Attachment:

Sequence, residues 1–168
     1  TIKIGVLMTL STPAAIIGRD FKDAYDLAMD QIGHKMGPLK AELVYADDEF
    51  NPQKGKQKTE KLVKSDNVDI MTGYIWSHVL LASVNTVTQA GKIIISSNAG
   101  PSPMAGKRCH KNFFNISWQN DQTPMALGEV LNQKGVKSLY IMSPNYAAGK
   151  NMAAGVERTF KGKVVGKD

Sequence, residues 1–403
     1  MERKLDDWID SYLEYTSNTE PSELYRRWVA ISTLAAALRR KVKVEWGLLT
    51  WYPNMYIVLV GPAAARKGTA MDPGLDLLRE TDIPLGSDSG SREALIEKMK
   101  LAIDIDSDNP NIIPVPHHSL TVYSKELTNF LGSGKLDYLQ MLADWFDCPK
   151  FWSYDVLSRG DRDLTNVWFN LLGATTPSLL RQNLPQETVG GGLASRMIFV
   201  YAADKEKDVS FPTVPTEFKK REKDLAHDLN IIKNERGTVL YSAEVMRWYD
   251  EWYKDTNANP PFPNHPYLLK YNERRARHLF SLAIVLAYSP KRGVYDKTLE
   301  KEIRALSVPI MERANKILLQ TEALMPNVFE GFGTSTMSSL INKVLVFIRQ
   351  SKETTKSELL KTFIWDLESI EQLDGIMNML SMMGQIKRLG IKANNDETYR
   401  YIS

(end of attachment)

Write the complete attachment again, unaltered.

Sequence, residues 1–168
     1  TIKIGVLMTL STPAAIIGRD FKDAYDLAMD QIGHKMGPLK AELVYADDEF
    51  NPQKGKQKTE KLVKSDNVDI MTGYIWSHVL LASVNTVTQA GKIIISSNAG
   101  PSPMAGKRCH KNFFNISWQN DQTPMALGEV LNQKGVKSLY IMSPNYAAGK
   151  NMAAGVERTF KGKVVGKD

Sequence, residues 1–403
     1  MERKLDDWID SYLEYTSNTE PSELYRRWVA ISTLAAALRR KVKVEWGLLT
    51  WYPNMYIVLV GPAAARKGTA MDPGLDLLRE TDIPLGSDSG SREALIEKMK
   101  LAIDIDSDNP NIIPVPHHSL TVYSKELTNF LGSGKLDYLQ MLADWFDCPK
   151  FWSYDVLSRG DRDLTNVWFN LLGATTPSLL RQNLPQETVG GGLASRMIFV
   201  YAADKEKDVS FPTVPTEFKK REKDLAHDLN IIKNERGTVL YSAEVMRWYD
   251  EWYKDTNANP PFPNHPYLLK YNERRARHLF SLAIVLAYSP KRGVYDKTLE
   301  KEIRALSVPI MERANKILLQ TEALMPNVFE GFGTSTMSSL INKVLVFIRQ
   351  SKETTKSELL KTFIWDLESI EQLDGIMNML SMMGQIKRLG IKANNDETYR
   401  YIS